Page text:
California has been a beacon of hope on the cannabis frontier since the state first decided to start decriminalizing it in the 1970s, leading to medical legalization in 1996 with Proposition 215. Now in 2016, half the states plus the District of Columbia have begun to loosen their grip on ganja, opening the floodgates of opportunity for our country’s economy and our people’s health.
More and more citizens and physicians are becoming privy to the benefits that cannabis can provide to a troubled world, so it’s apparent that the time is now to take a major step forward. The next proposition on the table has the potential to really set things in stone for cannabis.
The people of California, backed by some supportive government officials and innovators within the cannabis industry, have drafted Proposition 64. This 62-page document outlines exactly how legalizing cannabis for adult discretionary (a.k.a. “recreational”) consumption within the state will work, while proactively tackling some of the problems that could occur later on down the line. Condensed down to the essentials, per BallotPedia, Prop 64 would change state law by:
…allow(ing) adults aged 21 years old or older to possess and use marijuana for recreational purposes. The measure would create two new taxes, one levied on cultivation and the other on retail price. Revenue from the taxes would be spent on drug research, treatment, and enforcement, health and safety grants addressing marijuana, youth programs, and preventing environmental damage resulting from illegal marijuana production.
Billions of reasons to legalize
The proposition covers regulations, taxes, revenue spending, who would be allowed to sell cannabis, and penalties for people breaking the newly established laws. With all that in place, experts believe the amount of money that could be generated by this going successfully could be in the BILLIONS of dollars. This would also lead to the decriminalization of non-violent “offenders” whose only “crime” was related to the plant. After all, it isn’t cheap keeping people behind bars.
More than anything else, people would have even more support from their state when it comes to getting the health care that they want, need, and deserve without fear of repercussion. But there are still those who think now isn’t the time for cannabis consumers to get this kind of freedom within California. Those opposing Proposition 64 think everyone may be jumping the gun.
Is California ready?
There are some, like political consultant Andrew Acosta, who lean toward a more drawn-out conclusion to recreational cannabis legalization. In a recently televised interview with NBC, Acosta expressed concerns that the “Green Rush” was blinding people to holes in Prop 64, particularly about how edibles and DUIs will be handled. He also insinuated that Prop 64 was more or less just a money-making proposition, rather than a true long-term solution. Acosta explained that there is a package of laws that were “drafted by law enforcement, environmentalists, and industry to tackle medical marijuana. They were signed by the governor but have not yet taken effect.” It could be as late as 2018 before those laws are active.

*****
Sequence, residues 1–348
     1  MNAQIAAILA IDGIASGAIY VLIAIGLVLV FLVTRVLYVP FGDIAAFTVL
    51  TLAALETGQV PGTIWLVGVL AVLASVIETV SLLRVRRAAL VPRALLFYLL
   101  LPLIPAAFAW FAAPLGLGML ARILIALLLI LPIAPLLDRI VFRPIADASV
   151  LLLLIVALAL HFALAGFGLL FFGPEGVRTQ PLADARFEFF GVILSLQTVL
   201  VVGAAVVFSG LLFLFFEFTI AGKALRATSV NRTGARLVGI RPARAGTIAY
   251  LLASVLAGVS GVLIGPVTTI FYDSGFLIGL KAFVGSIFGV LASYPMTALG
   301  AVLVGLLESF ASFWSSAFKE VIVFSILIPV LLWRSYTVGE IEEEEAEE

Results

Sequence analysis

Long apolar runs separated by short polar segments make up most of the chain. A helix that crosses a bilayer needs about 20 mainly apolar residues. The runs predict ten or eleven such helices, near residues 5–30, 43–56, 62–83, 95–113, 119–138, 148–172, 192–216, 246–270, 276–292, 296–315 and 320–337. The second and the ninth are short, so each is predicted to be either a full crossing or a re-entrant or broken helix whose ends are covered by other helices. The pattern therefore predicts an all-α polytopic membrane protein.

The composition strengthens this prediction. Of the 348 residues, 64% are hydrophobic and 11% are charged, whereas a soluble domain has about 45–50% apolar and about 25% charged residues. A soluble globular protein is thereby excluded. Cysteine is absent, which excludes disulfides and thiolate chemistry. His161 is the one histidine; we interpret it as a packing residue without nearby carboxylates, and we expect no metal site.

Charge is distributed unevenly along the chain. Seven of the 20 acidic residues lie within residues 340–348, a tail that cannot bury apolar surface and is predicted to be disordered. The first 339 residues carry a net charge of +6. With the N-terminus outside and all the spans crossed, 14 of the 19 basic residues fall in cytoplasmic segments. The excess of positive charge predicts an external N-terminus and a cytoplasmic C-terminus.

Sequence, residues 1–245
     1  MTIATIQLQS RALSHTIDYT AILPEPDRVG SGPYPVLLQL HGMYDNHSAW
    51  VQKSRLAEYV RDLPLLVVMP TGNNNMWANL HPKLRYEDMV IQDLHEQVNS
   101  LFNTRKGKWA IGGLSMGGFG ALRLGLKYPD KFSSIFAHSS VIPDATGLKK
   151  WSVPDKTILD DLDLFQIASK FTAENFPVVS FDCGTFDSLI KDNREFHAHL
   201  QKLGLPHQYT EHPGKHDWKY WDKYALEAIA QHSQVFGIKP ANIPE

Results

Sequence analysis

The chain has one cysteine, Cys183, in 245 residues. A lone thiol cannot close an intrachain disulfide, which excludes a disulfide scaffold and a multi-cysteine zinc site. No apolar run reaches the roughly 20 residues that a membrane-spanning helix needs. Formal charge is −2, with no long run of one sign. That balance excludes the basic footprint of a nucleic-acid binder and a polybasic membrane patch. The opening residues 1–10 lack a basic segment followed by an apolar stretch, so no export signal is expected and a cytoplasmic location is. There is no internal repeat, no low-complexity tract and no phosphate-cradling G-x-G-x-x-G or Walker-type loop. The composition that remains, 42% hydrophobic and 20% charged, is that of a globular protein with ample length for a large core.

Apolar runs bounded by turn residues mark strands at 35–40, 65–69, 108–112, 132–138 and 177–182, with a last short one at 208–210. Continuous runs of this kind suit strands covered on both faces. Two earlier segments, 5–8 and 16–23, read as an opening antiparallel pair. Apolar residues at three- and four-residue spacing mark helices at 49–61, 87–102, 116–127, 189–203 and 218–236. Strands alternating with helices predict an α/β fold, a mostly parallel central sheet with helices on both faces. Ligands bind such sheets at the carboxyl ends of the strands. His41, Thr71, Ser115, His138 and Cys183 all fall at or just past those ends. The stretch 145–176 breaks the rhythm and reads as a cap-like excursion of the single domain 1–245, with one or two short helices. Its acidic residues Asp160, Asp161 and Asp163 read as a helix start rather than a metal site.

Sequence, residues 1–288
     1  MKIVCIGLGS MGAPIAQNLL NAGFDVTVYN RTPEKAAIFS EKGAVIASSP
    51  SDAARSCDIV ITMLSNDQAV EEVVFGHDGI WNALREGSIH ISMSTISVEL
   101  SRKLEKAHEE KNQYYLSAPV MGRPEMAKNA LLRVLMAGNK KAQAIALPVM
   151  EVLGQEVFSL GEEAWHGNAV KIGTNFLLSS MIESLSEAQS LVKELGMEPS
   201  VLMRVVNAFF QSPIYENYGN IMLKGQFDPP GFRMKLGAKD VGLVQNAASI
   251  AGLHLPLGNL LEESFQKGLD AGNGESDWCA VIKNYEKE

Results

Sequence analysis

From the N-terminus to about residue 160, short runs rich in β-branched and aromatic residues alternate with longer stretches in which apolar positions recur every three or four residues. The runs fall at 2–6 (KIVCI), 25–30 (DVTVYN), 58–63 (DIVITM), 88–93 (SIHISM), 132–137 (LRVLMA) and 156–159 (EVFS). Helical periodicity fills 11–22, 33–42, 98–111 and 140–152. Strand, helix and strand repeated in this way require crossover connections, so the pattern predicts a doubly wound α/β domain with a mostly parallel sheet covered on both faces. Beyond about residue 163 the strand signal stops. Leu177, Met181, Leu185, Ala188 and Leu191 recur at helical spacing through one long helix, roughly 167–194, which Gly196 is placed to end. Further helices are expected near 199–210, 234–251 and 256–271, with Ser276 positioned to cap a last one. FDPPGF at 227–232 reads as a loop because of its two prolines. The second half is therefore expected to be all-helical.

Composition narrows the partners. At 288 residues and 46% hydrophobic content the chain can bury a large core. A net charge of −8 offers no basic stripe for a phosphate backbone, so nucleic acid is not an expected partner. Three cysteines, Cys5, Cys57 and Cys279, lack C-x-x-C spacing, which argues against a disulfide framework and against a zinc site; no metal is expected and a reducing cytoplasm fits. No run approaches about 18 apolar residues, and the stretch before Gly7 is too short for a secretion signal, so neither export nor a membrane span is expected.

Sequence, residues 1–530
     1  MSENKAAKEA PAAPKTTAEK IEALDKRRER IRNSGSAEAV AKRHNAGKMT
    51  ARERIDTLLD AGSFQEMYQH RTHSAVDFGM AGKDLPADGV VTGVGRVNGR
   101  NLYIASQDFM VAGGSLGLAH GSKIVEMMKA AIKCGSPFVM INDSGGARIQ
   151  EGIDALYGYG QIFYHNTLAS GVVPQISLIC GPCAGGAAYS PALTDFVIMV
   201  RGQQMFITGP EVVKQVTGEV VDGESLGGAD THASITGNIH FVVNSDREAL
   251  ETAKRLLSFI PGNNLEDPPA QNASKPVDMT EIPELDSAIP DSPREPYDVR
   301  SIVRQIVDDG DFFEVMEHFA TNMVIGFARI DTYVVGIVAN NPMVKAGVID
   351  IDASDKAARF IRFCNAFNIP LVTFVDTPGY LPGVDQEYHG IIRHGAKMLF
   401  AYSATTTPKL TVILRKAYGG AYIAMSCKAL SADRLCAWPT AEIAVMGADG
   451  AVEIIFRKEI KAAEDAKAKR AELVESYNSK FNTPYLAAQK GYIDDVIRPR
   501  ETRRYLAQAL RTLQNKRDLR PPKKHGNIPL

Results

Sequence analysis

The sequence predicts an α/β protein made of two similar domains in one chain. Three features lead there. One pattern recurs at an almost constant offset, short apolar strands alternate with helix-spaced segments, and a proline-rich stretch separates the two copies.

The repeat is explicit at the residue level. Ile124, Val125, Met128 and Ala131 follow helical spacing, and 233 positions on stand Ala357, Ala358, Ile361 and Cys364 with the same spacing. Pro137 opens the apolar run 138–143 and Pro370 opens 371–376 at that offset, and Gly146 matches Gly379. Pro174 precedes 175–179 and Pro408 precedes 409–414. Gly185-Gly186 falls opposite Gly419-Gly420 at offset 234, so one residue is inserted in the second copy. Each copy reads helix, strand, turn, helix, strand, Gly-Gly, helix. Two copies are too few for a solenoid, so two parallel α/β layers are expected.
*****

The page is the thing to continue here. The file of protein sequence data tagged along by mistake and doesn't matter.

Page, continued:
Political consultant and strategist Jason Kinney stands with Proposition 64 and expressed concerns in the same forum about the thousands of incarcerated citizens and millions of dollars spent in that same broken legal system for cannabis-related “crimes”. He spoke on support coming from many different organizations so that “we have a real working medical marijuana system and real non-medical system, and those two things will be regulated together.” This, in essence, would help cover all the bases necessary to make this a well-oiled machine for years to come, with emphasis on legalization over decriminalization because there are still some issues with the latter.
Only time will tell what the future holds for California. But it’s clear to see that the ripple will be in full effect well beyond November of 2016.
ABOUT THE AUTHOR
Garyn Angel is an inventor, award-winning financial consultant, and CEO of MagicalButter.com, maker of the botanical extractor he invented for infusing cannabis into foods. Firmly committed to needed legal reform, Angel was named to the exclusive CNBC NEXT List of visionary global business leaders for his work on legal marijuana. He is also founder of the Cheers to Goodness Foundation, a charity that helps “medical refugees”—mainly veterans and children—who need herbal therapy when traditional treatment options have failed.